With Europeans heading to the polls on June 9 for the EU-wide parliament elections, AFP takes a look at how the bloc has changed life for consumers:

- One currency -

The Deutsche mark, the franc, the Italian lira and the peseta are distant memories.

Two decades ago, countries began to ditch their national currencies to adopt the euro.

Today, 20 of the European Union's 27 members use the euro as their sole legal tender.

Money transfers can now be made without fees between eurozone countries while travellers no longer have to worry about foreign exchange rates.

The euro has even gained acceptance in Germany, Europe's biggest economy, whose citizens had initially feared the currency would cause prices to rise.

Germans nicknamed the euro the "teuro" -- a play on words that combines "euro" with the German word for "cheap," "teuer".

The debt crisis that hit Greece and other eurozone nations in the 2010s put the currency through its biggest test, but countries launched financial support measures to help their neighbours and fend off fears of a breakup of the monetary union.

Europeans do not seem to miss their old currencies: a European Commission survey in late 2023 showed that 79 percent of people living in the eurozone believe the euro is a good thing for the EU.

- Free roaming -

The end of roaming fees across the EU in 2017 was a life-changer for the bloc's residents.

People no longer have to worry about running up expensive phone bills when crossing borders.

Kevin Eon, a Frenchman who works at a startup based in the Netherlands, kept his French phone number after his move, saving him the trouble of acquiring a local SIM card.

"It makes life easier," Eon said. "It's a huge time saver."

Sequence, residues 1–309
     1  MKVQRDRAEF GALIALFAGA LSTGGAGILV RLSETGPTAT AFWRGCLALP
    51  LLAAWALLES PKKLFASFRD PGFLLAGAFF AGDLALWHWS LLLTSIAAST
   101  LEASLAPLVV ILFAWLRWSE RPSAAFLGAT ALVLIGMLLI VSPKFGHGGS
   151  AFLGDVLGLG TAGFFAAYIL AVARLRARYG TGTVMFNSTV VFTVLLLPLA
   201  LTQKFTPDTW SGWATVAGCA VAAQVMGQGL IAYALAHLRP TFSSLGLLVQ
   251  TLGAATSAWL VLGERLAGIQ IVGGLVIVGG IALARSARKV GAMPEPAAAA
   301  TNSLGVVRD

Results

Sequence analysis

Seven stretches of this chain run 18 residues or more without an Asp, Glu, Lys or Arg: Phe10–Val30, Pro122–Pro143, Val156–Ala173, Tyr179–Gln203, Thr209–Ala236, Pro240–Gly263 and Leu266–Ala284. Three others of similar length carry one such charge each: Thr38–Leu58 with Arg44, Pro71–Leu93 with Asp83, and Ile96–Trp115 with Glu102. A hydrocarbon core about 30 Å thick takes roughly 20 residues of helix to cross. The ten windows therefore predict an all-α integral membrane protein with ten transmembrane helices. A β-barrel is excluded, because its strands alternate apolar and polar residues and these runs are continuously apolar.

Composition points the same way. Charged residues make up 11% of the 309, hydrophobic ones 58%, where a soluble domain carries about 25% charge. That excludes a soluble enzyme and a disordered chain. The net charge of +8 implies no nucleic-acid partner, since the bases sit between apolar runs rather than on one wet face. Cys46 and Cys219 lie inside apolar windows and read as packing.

- One phone charger -

Another phone revolution is a rule coming into force later this year imposing one type of charger for all portable electronic devices.

All manufacturers selling in the bloc will be obliged to use the USB-C port on phones, tablets, speakers and other portable tech.

Most devices already use these cables, but Apple was more than a little reluctant.

The firm said in 2021 that such regulation "stifles innovation", but by September last year it had begun shipping phones with the new port.

- Flight compensation -

The EU has taken steps to protect the rights of air travellers.

Airlines must compensate passengers between 250 and 600 euros ($270 and $650) in case of long delays or flight cancellations.

Companies are also required to provide beverages, meals and accommodation, if necessary.

Airlines, however, can cite "extraordinary circumstances" to avoid compensating passengers, frequently leading to legal disputes.

- Cookie consent -

Since 2018, the EU's general data protection regulation (GDPR) forces websites to ask for consent before installing "cookies" -- the programmes that track internet activity in order to create targeted advertising.

Instead, people now have to deal with pop-up windows that ask them for consent.

"It's annoying sometimes. Other times, I don't care," said Marta Riboni, a 27-year-old Italian. "It depends how much time I have."